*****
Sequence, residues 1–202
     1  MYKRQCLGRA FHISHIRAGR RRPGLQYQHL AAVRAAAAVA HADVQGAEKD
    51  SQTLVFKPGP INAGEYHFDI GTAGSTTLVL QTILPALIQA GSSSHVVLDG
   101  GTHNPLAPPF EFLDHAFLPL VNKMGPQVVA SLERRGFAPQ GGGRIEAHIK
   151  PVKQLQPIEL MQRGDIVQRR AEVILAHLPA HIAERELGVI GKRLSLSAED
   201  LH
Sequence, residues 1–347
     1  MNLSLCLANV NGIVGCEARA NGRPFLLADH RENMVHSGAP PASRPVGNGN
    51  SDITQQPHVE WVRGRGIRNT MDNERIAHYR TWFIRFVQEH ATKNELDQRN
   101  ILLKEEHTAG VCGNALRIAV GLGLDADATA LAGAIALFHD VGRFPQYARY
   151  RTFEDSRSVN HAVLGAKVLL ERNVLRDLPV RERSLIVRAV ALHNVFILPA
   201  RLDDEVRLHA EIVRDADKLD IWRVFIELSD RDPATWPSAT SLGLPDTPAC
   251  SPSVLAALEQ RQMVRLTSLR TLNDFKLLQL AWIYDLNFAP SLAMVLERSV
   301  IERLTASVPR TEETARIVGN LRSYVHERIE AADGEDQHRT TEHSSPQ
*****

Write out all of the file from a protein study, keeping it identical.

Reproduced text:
Sequence, residues 1–202
     1  MYKRQCLGRA FHISHIRAGR RRPGLQYQHL AAVRAAAAVA HADVQGAEKD
    51  SQTLVFKPGP INAGEYHFDI GTAGSTTLVL QTILPALIQA GSSSHVVLDG
   101  GTHNPLAPPF EFLDHAFLPL VNKMGPQVVA SLERRGFAPQ GGGRIEAHIK
   151  PVKQLQPIEL MQRGDIVQRR AEVILAHLPA HIAERELGVI GKRLSLSAED
   201  LH
Sequence, residues 1–347
     1  MNLSLCLANV NGIVGCEARA NGRPFLLADH RENMVHSGAP PASRPVGNGN
    51  SDITQQPHVE WVRGRGIRNT MDNERIAHYR TWFIRFVQEH ATKNELDQRN
   101  ILLKEEHTAG VCGNALRIAV GLGLDADATA LAGAIALFHD VGRFPQYARY
   151  RTFEDSRSVN HAVLGAKVLL ERNVLRDLPV RERSLIVRAV ALHNVFILPA
   201  RLDDEVRLHA EIVRDADKLD IWRVFIELSD RDPATWPSAT SLGLPDTPAC
   251  SPSVLAALEQ RQMVRLTSLR TLNDFKLLQL AWIYDLNFAP SLAMVLERSV
   301  IERLTASVPR TEETARIVGN LRSYVHERIE AADGEDQHRT TEHSSPQ